Local authorities have a variety of statutory powers which enable them to produce publicity and circulate it widely, or to assist others to do so.  Those commonly used include the powers in sections 111, 142, 144 and 145 of the Local Government Act 1972; but there are several others.

Some of these powers relate directly to the publishing authority’s functions.  Others give a more general discretion to publicise matters which go beyond an authority’s primary responsibilities. For example, section 2 of the Local Government Act 2000 gives local authorities a power to do anything which will promote the economic, social or environmental well-being of their area, sections 142(A) of the 1972 Act authorises local authorities to arrange for the publication within their area of information as to the services available in the area provided by them or by other local authorities.

The Local Government (Wales) Measure 2009 requires local authorities to publish their Improvement Plans and Community Strategies and the Local Government (Wales) Measure 2011 requires local authorities to make arrangements for each elected member to publish an annual report on their activity.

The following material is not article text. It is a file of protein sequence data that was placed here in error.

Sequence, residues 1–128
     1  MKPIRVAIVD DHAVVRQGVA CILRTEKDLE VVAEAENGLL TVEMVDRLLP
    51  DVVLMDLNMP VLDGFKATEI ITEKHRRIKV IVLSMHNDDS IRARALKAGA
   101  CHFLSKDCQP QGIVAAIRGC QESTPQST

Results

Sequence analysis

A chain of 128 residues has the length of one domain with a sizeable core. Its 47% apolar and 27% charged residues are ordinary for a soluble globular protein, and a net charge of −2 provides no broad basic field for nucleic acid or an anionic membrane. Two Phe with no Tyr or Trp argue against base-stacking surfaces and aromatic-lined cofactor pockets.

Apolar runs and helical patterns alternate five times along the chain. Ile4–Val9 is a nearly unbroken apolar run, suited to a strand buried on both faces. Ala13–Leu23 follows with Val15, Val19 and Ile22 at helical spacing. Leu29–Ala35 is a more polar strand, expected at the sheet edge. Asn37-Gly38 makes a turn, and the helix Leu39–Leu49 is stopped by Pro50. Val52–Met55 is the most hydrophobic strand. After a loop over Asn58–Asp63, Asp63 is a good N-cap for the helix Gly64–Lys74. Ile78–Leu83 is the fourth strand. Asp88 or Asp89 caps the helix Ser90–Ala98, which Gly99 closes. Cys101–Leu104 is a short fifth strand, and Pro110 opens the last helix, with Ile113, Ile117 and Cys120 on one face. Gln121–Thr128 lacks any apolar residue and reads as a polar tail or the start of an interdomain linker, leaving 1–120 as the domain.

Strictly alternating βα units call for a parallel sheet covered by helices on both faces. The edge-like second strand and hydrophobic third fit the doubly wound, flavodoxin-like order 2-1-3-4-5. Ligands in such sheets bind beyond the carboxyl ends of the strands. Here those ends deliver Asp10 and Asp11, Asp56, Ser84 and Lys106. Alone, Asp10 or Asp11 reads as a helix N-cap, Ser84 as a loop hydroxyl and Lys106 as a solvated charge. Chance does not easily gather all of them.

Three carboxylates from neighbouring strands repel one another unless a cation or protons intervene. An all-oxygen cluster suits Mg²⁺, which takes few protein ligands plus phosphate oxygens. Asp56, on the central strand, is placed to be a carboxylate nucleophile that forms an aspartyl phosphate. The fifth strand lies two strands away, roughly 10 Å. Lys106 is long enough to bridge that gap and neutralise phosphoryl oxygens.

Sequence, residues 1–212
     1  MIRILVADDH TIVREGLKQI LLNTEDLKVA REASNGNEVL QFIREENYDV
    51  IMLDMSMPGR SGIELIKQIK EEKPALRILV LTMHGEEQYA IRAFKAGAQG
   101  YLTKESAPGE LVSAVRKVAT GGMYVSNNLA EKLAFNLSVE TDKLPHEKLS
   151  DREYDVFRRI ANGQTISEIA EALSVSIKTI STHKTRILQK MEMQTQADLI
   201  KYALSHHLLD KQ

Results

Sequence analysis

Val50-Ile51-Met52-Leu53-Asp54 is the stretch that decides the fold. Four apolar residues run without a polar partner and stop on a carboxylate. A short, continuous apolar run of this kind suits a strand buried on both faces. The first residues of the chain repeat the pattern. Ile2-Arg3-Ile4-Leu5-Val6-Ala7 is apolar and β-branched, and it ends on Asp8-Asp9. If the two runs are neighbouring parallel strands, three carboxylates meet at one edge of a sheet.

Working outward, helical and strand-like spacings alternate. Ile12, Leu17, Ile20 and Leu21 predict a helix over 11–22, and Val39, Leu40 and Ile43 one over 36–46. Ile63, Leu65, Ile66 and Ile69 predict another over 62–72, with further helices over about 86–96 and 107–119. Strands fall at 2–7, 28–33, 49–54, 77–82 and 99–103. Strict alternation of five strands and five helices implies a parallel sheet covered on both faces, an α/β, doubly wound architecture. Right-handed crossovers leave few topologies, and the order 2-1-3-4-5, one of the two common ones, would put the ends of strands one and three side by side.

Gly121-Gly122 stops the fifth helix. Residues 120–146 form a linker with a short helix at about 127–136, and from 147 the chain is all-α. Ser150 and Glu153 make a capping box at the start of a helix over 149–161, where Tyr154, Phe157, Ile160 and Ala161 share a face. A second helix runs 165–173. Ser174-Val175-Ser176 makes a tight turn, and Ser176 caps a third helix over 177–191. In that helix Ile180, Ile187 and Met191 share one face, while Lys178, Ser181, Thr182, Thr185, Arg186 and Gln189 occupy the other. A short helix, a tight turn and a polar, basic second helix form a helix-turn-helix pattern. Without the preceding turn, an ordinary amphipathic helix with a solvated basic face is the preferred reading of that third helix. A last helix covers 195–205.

In considering the subject areas in which publicity is to be issued, the publicity should be relevant to the functions of the authority.

In considering the production and circulation of publicity, local authorities should ensure they comply with the Communications Act 2003 and any other relevant statutory duties or guidance.


Local authorities are accountable to the public for the efficiency and effectiveness of their expenditure, in the first instance through their audit arrangements.

In these times of financial stringency, it is particularly important local authorities have regard to the cost effectiveness of anything they are intent on publishing. 

In some cases publicity may justify its cost by virtue of savings which it achieves. More commonly it will be necessary to take a view of the importance of the unquantifiable benefits as compared with other uses to which the resources could be put.

In the case of council newspapers, for instance, the cost of their production and circulation needs to be balanced with the savings which local authorities can make by using their own newspapers rather than the local press to advertise vacancies and publish official notices. Council newspapers are a useful resource for providing information on council services, and they reach the majority of the population which includes those who do not read the local press and those who do not have access to the internet, in particular older people and disadvantaged young people.

In deciding whether the nature and scale of proposed publicity, and consequently its cost, are justified, the following matters will be relevant: